Well, we caught The Color Purple on a very good day.
Yes, the Broadway Theatre was packed last night (Dec. 5) for a rousing and moving performance. But before that, the show came in a double winner at the 18th Annual Gypsy of the Year competition, the grand finale of a six week fund-raising effort for Broadway Cares/Equity Fights AIDS. The event itself is a lot of fun as the casts of 16 Broadway shows put together skits ranging from the silly to the sublime.
The cast of Beauty and the Beast, for instance, shot inside a little bit with a vision of a new Disney musical: a quite overdone and inappropriate Pocahontas: An Absolutely True Story. The Hairspray cast, including Diana DeGarmo, re-imagined I Can Hear the Bells as a gay love at first sight, with Tracy Turnblad eventually ripping open her blouse in a fruitless attempt to re-attract Link. And two guys from Spamalot did a news segment that skewered Broadway the way Jon Stewart skewers politicians.
But then, there were more thoughtful, moving sketches, including the cast of Rent giving the stage to a teen program the show has developed, and a number by the cast of the now-closed The Times they are A-Changin' that was one of those things I don't think I quite got, but I want to see again and again.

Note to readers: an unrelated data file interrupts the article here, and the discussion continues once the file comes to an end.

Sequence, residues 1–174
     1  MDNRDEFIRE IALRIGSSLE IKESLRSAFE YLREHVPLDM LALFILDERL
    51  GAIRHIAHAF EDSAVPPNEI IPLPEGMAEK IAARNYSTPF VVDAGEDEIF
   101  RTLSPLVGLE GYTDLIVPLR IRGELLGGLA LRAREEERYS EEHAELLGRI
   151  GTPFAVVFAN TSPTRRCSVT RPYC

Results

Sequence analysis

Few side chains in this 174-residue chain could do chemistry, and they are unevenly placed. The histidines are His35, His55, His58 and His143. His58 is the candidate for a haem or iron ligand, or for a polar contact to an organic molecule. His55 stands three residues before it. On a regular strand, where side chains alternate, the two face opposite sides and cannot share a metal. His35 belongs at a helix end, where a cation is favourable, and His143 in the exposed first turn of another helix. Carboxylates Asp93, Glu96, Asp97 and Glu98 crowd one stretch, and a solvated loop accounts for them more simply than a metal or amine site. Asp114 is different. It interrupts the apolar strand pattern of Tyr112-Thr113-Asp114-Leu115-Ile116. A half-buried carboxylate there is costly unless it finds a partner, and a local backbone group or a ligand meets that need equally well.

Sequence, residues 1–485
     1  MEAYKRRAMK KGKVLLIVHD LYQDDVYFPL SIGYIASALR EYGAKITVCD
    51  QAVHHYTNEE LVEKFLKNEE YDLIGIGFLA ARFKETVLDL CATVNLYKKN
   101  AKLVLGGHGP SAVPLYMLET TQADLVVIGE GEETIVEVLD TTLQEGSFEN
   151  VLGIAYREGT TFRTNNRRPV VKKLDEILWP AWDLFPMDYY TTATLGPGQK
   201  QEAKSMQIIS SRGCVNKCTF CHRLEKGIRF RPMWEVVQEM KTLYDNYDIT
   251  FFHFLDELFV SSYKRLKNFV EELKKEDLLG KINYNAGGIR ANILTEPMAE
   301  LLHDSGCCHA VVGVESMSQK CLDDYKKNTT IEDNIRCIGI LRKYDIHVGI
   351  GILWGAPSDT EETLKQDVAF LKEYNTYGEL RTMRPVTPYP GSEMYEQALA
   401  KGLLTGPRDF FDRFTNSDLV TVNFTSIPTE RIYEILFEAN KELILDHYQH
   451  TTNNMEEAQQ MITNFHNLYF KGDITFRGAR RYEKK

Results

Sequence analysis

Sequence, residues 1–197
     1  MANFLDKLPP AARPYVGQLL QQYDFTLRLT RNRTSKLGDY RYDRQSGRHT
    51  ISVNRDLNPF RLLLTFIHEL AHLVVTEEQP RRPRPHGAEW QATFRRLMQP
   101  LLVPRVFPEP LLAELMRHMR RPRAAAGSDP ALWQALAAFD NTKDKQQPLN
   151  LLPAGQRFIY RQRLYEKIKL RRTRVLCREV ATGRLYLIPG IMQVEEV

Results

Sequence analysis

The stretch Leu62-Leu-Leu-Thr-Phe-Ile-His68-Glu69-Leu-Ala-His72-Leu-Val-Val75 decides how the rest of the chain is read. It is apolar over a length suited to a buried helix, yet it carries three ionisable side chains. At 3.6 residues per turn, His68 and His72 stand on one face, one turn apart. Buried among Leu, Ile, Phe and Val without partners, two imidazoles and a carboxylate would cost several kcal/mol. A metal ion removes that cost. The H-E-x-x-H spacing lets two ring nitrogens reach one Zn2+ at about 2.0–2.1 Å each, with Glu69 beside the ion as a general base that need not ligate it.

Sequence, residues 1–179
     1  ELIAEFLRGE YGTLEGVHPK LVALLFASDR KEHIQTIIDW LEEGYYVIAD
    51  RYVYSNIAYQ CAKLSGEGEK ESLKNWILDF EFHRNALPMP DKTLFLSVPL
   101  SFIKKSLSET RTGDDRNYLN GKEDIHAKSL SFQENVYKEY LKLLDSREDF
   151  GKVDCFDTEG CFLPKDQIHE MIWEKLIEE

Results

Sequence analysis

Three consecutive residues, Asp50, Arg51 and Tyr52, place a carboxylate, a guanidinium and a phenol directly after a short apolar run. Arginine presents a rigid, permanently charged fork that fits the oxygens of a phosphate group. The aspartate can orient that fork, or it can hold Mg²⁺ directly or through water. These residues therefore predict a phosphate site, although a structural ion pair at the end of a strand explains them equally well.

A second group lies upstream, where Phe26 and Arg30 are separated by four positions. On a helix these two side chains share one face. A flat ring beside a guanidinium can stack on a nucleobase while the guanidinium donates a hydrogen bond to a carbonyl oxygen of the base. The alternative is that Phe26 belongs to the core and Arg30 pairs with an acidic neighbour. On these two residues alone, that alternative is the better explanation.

The Color Purple won the fund-raising award for the campaign that raised nearly $3 million overall, between Broadway, off-Broadway and touring productions. The show also won the talent competition among the 16 shows, thanks in no small part to Lebanon native JC Montgomery and Lexington native Eric L. Christian. They were part of the soulful When, Where, Why Will I Go?, which took top honors in the competition, whose judges included Jill Clayburgh and Cynthia Nixon. The presenters included Christine Ebersole and Martin Short (I still don't know whether I want to see Fame Becomes Me, Short's Broadway show).
Then, it was off to the theater for a 7 p.m. curtain. Backstage, Christian was leading a listening party for the just-released Dreamgirls movie soundtrack -- thumbs up for Jennifer Hudson, not so much for Jamie Foxx.
I think I will always think of the Cosmic Diner and The Color Purple together, as both Montgomery, and later Christian and Louisville native LaVon Fisher-Wilson took me to the restaurant around the block from the show. Good omelettes and garden salads. (The photo above of Montgomery, left, Fisher-Wilson and Christian was taken by Aaron Lee Fineman)
And just to prove that you don't have to go too far in this town to find another Kentucky connection, when I opened the program for Purple, I discovered that Linda Twine, right, is the show's music director. Twine has worked with UK Opera Theatre's Grand Night for Singing several times and has roots in Madison County. (BTW, the orchestra at Color Purple sounded really good.)
It was good to start the day opening The New York Times and seeing a big article on Georgetown and the Toyota factory.
Now, despite being in the City That Never Sleeps, I'm off to bed. Tomorrow is Blonde day.